Print edition : August 07, 2015

Gopal Ramesh. Photo: By Special Arrangement

Interview with K. Gopal Ramesh of the Kongunadu Jananayaga Katchi.

K. Gopal Ramesh, 35, is the State convener of the Kongunadu Jananayaga Katchi (KJK). Before joining the KJK, he was the Erode urban youth secretary of the Tamil Nadu Kongu Ilaignar Peravai (TNKIP), led by U. Thaniyarasu, MLA. Yuvaraj, the main accused in the Gokul Raj murder case, was its youth wing leader at Sankagiri.

Ramesh is proud of the fact that he is a Kongu Vellalar, and that was also why he joined the KJK when G.K. Nagaraj launched the party after leaving the now-defunct Anaithu Samoothaya Padukappu Peravai (All Communities Protection Committee).

Ramesh told Frontline over phone that the Kongu people “do not endorse Yuvaraj’s thuggish acts”, and added that they would also never accept anyone “tinkering with our culture”.

Excerpts from the interview:

Do you endorse the murder of a youth because he loved a girl from your caste?

We are all pained at the unfortunate death of the Dalit youngster Gokul Raj. If it is a murder, then there is no justification for such a brutal act. Anyhow, a detailed investigation alone will bring out the truth behind the death. However, I personally feel sad about that [murder].

What is wrong in Gokul Raj falling in love with that girl? It is an affair between two adults.

As a Dalit, he [Gokul Raj] should have understood his birth-based limitations. As we respect other castes, and never interfere, they also must respect ours. We all should maintain the “Lakshman rekha” for a peaceful coexistence. We in the Kongu Vellalar caste take a lot of pride in our women. The girls in our families are our “princesses”. We nourish them and pamper them since they are the ones who nourish our traditions and customs. How could you expect us to get this sullied?

You literally force women to remain babysitters in the guise of upholding tradition?

No. You have misunderstood. This enterprising and hard-working social group has remained successful among various OBCs [Other Backward Classes] since our women virtually run our families with whatever resources the family can afford, besides saving money judiciously. The culture of saving [money] starts from the Kongu region. My 75-year-old father milks cows every day and sells the milk to earn Rs.350 a day. My 64-year-old mother, too, earns by selling buttermilk and curd. Our families are close-knit and we jealously guard our social and cultural ethos.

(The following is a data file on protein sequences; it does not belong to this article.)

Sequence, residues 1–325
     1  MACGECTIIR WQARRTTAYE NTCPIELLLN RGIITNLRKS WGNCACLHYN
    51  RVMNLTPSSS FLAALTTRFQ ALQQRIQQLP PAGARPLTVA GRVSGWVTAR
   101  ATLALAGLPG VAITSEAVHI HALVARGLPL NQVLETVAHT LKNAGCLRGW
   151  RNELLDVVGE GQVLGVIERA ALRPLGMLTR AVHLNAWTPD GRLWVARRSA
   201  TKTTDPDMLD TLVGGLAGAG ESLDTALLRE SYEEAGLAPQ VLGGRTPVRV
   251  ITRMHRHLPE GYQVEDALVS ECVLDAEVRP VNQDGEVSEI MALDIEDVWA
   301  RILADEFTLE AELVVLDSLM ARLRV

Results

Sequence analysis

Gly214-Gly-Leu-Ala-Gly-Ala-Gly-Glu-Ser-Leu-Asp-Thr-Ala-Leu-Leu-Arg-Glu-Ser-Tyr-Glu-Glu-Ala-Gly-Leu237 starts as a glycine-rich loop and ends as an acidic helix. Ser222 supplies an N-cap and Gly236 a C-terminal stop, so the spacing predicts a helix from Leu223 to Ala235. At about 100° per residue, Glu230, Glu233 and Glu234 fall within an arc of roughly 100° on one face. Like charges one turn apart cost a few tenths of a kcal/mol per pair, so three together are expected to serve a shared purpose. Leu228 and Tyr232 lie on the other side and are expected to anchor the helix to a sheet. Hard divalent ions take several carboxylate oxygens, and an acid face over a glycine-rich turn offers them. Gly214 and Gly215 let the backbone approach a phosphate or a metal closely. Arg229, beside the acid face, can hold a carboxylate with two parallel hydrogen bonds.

At a time when girls’ education is emerging as a social necessity, your thinking is a skewed one.

Education is necessary for a social group to go forward. But while pursuing that objective, we should not leave behind the values society has taught us over the years. I consider that education for a girl beyond the age of 19 pollutes her and her family. It gives them [girls and their parents] a false sense of financial security and a high social status. But, unfortunately, what they fail to realise is that it [education] threatens the very existence of our caste’s pride and decorum. We are spreading the message of “caste purity” and individual discipline among our youngsters.

You sound archaic.

No. What I am trying to say is that girls’ education should be encouraged only up to the age of 18. They should be married off then. Those who wish to pursue higher studies can do so after getting married.

Today, when girls from our caste are getting educated, our boys are concentrating on business and money. They are unwilling to get married in time saying that they need to earn more. We have been telling the boys to marry our girls first and earn so that unpleasant incidents such as the one involving Gokul Raj can be prevented.

You can call me a retrograde or whatever term you wish to. I am not justifying the death of Gokul Raj. But at the same time, we will never permit any act that pollutes us. I, for that matter we, will never compromise on our caste identity.

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